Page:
Analyst: ‘Reluctant candidate’ part of PH political culture, often used as ‘gimmick’

Rose Carmelle Lacuata, ABS-CBN News

Posted at Nov 11 2021 01:59 AM | Updated as of Jan 12 2022 02:09 PM

MANILA—Filipinos are drawn to the image of the "reluctant candidate", the reason it has become a political gimmick used during the election season, a political analyst said.

Professor Dennis Coronacion of the University of Santo Tomas said politicians unsure of their plans make them appealing to the electorate, who are normally turned off by candidates who seem eager to get elected.

"Parte na ng kulturang pampulitika natin 'yung tinatawag na reluctant candidate. Kumbaga appealing sa mga Filipino voters, Filipino electorate 'yung mga pakipot na mga kandidato. Natu-turn off 'yung electorate doon sa mga klase ng kandidato na parang excited na maihalal," Coronacion told Teleradyo Wednesday night.

(The reluctant candidate is part of our political culture. This is appealing to Filipino voters, Filipino electorate, who are usually turned off by those candidates who are too excited to get elected.)

"Dahil ganoon, parte ng campaign strategy ng karamihan ng mga kandidato natin ay i-portray ang mga sarili nila as a reluctant candidate, na hindi excited na magkaroon ng posisyon, public position.

(Because of that, it is a part of the campaign strategy of most candidates to portray themselves as a reluctant candidate who is not excited to be elected into a public position.)

"So mabenta 'yun, 'yung ganoong istratehiya. Parte ho 'yan ng mga political gimmicks na ginagamit ng mga kandidato tuwing kampanya. Kasama ho yan doon sa mga gimik na substitution at kung ano ano pa."

(This strategy is popular. It is part of the political gimmicks candidates use in campaigns. This is also included in the gimmick of substitution and others.)

Although the ploy does not sit well with some voters, Coronacion said it remains popular among those who have not yet decided on who to vote for, or those who are not too concerned about a candidate's platform.

"For some Filipino voters, ayaw nila 'yan, as shown in the comments in social media, sa iba ibang social media platforms, at talaga namang nadidismaya na ang Filipino voters sa mga ganyang klaseng gimik," he said.

(Some Filipinos don't like this, as shown in the comments in various social media platforms, and some Filipino voters are fed up with these kind of gimmicks.)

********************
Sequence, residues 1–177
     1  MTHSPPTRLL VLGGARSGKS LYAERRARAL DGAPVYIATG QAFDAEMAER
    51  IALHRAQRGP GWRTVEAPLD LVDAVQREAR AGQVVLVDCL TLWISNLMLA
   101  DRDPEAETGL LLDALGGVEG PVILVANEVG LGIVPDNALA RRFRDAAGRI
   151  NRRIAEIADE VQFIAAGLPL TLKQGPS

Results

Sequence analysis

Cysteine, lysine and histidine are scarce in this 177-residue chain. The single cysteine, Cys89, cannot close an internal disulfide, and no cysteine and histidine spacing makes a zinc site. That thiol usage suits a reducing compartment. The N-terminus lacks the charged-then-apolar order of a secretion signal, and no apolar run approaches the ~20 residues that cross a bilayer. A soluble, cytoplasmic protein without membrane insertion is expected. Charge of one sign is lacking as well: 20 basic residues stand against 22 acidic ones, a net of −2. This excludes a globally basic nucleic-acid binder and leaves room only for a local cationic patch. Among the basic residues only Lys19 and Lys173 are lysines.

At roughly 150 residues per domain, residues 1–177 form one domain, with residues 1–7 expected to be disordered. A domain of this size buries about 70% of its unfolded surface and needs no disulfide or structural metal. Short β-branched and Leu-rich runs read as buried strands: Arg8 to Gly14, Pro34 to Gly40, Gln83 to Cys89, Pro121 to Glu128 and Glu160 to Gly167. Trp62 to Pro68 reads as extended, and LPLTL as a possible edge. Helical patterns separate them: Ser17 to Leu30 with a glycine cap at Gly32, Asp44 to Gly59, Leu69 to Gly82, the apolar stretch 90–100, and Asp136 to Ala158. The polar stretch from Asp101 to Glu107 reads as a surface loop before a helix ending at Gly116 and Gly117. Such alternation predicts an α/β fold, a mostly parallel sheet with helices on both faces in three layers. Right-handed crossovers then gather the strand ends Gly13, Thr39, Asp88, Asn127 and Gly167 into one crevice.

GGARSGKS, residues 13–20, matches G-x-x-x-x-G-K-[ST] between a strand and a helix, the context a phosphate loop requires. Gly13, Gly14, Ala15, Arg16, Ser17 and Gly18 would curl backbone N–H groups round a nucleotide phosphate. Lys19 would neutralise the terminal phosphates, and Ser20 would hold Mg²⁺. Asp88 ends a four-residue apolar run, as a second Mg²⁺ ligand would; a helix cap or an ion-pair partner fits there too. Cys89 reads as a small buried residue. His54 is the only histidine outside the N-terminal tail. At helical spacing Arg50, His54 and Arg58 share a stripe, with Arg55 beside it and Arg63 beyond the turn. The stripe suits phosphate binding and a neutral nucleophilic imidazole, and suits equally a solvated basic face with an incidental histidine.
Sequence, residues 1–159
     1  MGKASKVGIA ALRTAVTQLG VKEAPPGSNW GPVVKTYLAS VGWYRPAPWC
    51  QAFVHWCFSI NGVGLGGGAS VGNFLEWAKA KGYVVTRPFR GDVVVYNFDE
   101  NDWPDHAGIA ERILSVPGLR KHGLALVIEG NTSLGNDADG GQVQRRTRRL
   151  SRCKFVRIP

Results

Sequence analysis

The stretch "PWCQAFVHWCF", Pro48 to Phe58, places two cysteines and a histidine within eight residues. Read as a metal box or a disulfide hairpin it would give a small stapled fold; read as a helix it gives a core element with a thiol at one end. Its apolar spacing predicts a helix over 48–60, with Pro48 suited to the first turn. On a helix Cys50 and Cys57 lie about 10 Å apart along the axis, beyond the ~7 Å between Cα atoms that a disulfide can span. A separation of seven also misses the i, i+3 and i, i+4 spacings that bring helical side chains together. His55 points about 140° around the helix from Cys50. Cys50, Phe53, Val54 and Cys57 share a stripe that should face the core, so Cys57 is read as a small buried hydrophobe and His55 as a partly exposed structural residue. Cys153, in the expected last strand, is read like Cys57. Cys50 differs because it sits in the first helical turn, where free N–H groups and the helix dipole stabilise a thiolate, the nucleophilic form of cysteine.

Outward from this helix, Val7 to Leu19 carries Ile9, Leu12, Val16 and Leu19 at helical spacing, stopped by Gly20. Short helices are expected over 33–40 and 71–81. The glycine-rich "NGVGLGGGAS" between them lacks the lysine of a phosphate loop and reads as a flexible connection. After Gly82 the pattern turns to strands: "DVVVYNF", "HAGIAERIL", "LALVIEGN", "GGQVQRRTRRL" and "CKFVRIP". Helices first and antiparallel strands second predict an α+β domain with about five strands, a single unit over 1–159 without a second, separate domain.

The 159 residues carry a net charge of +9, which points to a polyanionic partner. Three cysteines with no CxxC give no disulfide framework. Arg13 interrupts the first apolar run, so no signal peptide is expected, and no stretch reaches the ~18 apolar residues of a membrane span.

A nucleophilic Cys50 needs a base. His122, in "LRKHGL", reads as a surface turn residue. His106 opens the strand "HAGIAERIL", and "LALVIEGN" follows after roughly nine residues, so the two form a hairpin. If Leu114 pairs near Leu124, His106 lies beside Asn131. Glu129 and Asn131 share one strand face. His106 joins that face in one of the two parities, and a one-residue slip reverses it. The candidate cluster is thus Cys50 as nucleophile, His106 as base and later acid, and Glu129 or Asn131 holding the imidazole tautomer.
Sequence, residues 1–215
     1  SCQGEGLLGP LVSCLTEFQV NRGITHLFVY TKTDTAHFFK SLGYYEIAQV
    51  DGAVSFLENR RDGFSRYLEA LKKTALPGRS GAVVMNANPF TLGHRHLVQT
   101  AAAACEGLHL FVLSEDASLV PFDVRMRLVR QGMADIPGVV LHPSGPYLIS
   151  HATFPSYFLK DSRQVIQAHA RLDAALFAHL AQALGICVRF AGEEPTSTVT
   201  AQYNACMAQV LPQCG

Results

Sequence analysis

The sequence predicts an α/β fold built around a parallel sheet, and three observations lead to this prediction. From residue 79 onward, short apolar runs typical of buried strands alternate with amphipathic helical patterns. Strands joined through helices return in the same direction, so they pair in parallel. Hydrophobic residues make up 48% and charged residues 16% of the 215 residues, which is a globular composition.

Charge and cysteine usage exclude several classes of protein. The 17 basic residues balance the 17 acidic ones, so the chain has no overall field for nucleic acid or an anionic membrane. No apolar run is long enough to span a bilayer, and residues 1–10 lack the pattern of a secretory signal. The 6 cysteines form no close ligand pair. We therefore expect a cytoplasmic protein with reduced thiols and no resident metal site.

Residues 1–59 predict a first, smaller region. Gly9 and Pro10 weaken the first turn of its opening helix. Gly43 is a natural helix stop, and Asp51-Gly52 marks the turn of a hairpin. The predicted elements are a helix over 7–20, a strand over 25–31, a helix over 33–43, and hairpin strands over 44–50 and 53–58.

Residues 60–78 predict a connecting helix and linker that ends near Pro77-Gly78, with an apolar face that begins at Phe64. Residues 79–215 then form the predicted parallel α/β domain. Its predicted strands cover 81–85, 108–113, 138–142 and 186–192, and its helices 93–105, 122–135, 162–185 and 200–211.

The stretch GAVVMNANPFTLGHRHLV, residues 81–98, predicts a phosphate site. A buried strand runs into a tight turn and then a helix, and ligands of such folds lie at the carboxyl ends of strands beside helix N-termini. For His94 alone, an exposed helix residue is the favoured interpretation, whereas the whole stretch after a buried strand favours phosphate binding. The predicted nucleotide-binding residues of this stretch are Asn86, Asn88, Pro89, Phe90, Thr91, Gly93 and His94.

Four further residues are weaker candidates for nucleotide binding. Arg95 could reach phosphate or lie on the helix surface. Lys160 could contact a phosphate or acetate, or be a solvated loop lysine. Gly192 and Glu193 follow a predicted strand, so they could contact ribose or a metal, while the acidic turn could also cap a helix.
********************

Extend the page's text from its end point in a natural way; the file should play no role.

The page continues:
"Pero ang nangyayari kasi, mabenta rin naman siya doon sa mga hindi naghahanap ng halimbawa, 'yung mga botante natin na hindi sila after sa plataporma, at 'yung mga imumunkahi sana na polisiya kung sakaling mahalal sila. Mas gusto nila, kumbaga source of entertainment itong kampanya."

(However, it is still popular for those voters who, for example, are not too concerned about the platform and policies that candidates want to implement. They look at the campaign as a source of entertainment.)

For Dr. Fe Mendoza of the National College of Public Administration and Governance of the University of the Philippines (UP NCPAG), such a ploy shows the flaws of the country's Omnibus Election Code.

"Isa kasi ito sa flaw ng Omnibus Election Code natin, because we are allowing substitution sa last minute, sa November 15 nga ang hinihintay natin. Kasi talagang may place holders. Sana 'yung substitution, only on, kunwari na-incapacitate siya, namatay siya, 'yung ganoon. Pero 'yung buhay na buhay siya pero talagang place holder siya at hinihintay niya kung sino talaga at the last minute ang bonggang pupunta at ano, ay ako na nga," Mendoza said.

(This is a flaw of our Omnibus Election Code, because we allow last-minute substitution, until November 15. So there are really place holders. If the substitution is only allowed, say, in cases of death or incapacitation. But these people are alive and they are just place holders, waiting for the real candidate at the last minute.)

"Sa akin kasi parang hindi masyadong katanggap-tanggap 'yung substitution."

(For me this substitution is not that acceptable.)

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Speculation about Davao City Mayor Sara Duterte-Carpio's next move became a hot topic following her announcement Tuesday afternoon.

The mayor, who has topped surveys for the presidency, earlier said she and her father, President Rodrigo Duterte, had agreed only one of them would run for a national role next year. 

President Duterte initially said he would run for vice president, but in a surprise move in October said he was retiring from politics when his term ends in 2022. 

He said his 43-year-old daughter would vie for the presidency with his longtime aide, Senator Christopher "Bong" Go, as running mate. 

Go, who filed his candidacy for Vice President under the PDP-Laban party (Cusi wing, which is backed by President Duterte), said on Tuesday that there might be changes in his vice presidential bid.

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